The Lincoln City Culinary Center offers a variety of classes during the month of November. Relax and watch a demonstration class while learning about local foods or take a hands-on class. The center also offers custom classes. With enough notice they can arrange a class for you and your family. This is a good experience for extended family groups, a girls’ trip or a get together with your friends. Chef Donna Riani is tons of fun, and she knows how to find local experts for interesting culinary experiences.

Siletz Bay is the place to crab, clam and fish. The bay is much calmer than the ocean, and everyone will enjoy the many sea birds and sea lions that frequent the area. Bill Paterek is a local resident expert. and although he only offers his free clinics during the spring and summer months, you can tap into his expertise at his website Learn how to use a folding crab trap by watching one of his videos. You can purchase his traps at local stores or online. His website also has links to all the websites you will need regarding “the rules” and local tides. Beach crabbing is much easier to do than fishing with a quicker reward. There is something so satisfying about yanking in a trap and finding it full of crabs.

Where to Stay

Lincoln City has a variety of Mom-and-Pop beachfront hotels, fancy resorts and chain hotels with many options to choose from and most are on the beach, near the beach or a short walk to the beach. The Chinook Winds Casino Resort is an out-of-the-box choice for a family stay, but it is a surprising family friendly option. Non-smoking rooms are available, and the suite building is located well away from the main casino building and is ocean front. The junior suites are equipped with an oceanfront balcony, fireplace, microwave and refrigerator, and have plenty of room for a family stay. There are stunning sunset views of the Pacific Ocean from the room’s spacious balcony, and a long stretch of beach provides miles of peaceful walking. Located across the parking lot is the Play Palace, which offers safe childcare for children 3 through 11. This is a nice option if you want to enjoy a meal without the kids. At $17.95 for four hours per child, it is a bargain.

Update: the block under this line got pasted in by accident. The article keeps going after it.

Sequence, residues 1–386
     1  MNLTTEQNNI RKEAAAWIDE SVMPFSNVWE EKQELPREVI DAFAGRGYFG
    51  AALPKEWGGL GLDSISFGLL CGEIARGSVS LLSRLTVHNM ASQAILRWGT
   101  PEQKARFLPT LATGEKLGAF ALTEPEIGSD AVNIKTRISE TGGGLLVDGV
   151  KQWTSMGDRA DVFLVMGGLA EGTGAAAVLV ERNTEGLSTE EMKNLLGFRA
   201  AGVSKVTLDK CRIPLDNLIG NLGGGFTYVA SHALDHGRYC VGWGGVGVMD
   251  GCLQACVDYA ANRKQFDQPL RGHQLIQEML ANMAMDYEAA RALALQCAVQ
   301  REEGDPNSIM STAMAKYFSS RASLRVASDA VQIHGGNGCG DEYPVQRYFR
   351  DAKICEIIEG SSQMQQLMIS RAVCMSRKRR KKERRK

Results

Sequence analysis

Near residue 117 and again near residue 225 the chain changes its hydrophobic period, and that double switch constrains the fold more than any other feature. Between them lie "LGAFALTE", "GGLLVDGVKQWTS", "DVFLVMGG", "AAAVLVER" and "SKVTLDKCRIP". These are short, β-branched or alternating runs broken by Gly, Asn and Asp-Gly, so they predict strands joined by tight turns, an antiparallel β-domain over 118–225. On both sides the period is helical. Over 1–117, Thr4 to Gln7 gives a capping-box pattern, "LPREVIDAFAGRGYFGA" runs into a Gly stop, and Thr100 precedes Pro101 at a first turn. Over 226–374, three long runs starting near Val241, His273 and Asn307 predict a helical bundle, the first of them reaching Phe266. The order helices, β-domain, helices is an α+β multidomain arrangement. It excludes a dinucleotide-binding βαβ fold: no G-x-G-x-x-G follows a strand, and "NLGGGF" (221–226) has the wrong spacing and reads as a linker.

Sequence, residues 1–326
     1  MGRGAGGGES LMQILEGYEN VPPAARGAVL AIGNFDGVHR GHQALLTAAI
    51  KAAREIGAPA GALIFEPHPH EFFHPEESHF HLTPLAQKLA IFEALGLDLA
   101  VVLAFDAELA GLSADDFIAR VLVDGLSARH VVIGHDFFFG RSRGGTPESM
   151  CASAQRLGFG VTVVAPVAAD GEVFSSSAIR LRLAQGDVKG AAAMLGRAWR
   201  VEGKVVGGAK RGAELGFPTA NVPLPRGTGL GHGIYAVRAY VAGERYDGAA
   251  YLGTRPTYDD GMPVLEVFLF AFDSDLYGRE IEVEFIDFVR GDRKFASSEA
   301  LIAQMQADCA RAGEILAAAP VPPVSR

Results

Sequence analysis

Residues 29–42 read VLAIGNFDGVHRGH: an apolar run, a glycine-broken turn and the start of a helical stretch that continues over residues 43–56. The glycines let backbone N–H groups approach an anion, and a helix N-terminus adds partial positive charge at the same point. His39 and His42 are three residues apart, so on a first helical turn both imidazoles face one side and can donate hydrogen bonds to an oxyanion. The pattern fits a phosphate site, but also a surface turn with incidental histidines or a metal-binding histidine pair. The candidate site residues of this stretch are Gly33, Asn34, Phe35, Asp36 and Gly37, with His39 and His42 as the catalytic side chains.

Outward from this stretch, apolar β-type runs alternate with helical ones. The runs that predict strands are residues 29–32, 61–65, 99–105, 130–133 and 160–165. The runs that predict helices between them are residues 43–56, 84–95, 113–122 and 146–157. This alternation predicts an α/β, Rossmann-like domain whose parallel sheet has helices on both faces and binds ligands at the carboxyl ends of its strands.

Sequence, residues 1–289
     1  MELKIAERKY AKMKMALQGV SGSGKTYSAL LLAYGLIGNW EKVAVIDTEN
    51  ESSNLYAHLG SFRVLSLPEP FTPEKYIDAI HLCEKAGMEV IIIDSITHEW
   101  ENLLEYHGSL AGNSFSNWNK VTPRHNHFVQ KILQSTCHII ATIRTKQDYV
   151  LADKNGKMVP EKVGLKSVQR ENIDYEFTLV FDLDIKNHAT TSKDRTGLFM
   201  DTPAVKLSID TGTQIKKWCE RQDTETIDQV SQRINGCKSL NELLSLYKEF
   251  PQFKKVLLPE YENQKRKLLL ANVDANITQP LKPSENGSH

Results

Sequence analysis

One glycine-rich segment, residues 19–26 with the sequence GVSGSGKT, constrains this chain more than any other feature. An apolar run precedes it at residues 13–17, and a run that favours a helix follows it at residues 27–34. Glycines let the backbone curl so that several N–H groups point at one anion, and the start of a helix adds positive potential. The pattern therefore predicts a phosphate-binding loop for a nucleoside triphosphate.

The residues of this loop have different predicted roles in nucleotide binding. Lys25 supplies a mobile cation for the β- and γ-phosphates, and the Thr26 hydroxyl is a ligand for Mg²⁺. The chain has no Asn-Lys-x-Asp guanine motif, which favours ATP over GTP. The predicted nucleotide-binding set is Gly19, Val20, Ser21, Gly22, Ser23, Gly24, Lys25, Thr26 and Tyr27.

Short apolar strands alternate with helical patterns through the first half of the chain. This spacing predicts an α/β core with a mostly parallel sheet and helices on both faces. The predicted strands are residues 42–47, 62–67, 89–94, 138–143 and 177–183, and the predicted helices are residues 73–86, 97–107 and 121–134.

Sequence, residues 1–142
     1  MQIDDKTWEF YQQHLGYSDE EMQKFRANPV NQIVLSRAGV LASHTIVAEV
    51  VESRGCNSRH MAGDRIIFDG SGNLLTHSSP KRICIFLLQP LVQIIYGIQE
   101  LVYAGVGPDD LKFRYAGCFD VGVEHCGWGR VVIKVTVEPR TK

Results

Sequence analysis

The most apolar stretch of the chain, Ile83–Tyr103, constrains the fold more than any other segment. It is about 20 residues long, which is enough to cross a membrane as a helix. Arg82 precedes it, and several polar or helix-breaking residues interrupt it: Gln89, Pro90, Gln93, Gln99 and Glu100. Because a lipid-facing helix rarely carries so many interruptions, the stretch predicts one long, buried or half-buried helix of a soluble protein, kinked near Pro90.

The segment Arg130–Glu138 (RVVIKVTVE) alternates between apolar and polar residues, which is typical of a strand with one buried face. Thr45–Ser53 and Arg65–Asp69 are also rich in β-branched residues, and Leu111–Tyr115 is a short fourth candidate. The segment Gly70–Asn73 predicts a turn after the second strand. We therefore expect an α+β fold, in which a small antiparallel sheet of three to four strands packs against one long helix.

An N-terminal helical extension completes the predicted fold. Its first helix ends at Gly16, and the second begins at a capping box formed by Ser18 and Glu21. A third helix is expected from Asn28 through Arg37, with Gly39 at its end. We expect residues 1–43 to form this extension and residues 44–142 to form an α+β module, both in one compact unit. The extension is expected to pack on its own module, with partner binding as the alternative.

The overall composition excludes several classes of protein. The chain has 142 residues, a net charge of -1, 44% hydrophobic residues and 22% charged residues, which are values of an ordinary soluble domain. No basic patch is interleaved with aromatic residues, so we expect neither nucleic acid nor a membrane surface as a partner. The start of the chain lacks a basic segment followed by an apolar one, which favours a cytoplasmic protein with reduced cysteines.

Where To Eat

Lincoln City’s dining scene is very eclectic. I love off-season because you find where the locals eat. Don’t miss breakfast at Vivian’s Restaurant and Bob’s Barbeque (but locals just call it Vivian’s). This hidden gem is tucked on a side street just past the “D” River Bridge. Enjoy your breakfast with views of the world’s shortest river. The Wild Flower Grill cooks made-to-order, and the food is well worth the wait. I am still thinking about the delicious white chocolate and huckleberry cheesecake. If you like seafood you will want to have dinner at Kyllo’s Seafood and Grill. Delectable dishes are made with fresh locally sourced seafood and grass-fed beef. The crab stuffed halibut is a culinary masterpiece of halibut stuffed with Dungeness crab and ricotta, topped with a garlic sauce and garnished with wild large gulf shrimp. Plan ahead; they don’t take reservations, and you may have to wait—but oh so worth it. The Chinook Winds Casino’s premier restaurant is the Rogue River Steakhouse located at the top of the casino with 180 degree views of the Pacific Ocean. Their bone-in ribeye steak is one of the best I’ve ever eaten. The newly remodeled eatery definitely provides an upscale dining experience.

The Oregon Coast is just what you need to relax and rejuvenate before the holiday season, and you can’t go wrong making Lincoln City your base.

The Specifics

Explore Lincoln City –

Where to Stay

Chinook Winds Casino Resort –

Where to Eat

Vivian’s Restaurant – 1115 SE 1st St, Lincoln City, Oregon, 541.994.3367

The Wildflower Grill –

Kyllo’s Seafood and Grill –

Rogue River Steakhouse –

Things to Do

Crabbing on Siletz Bay –

Lincoln City Glass Center –

North Lincoln County Historical Museum –

Lincoln City Culinary Center –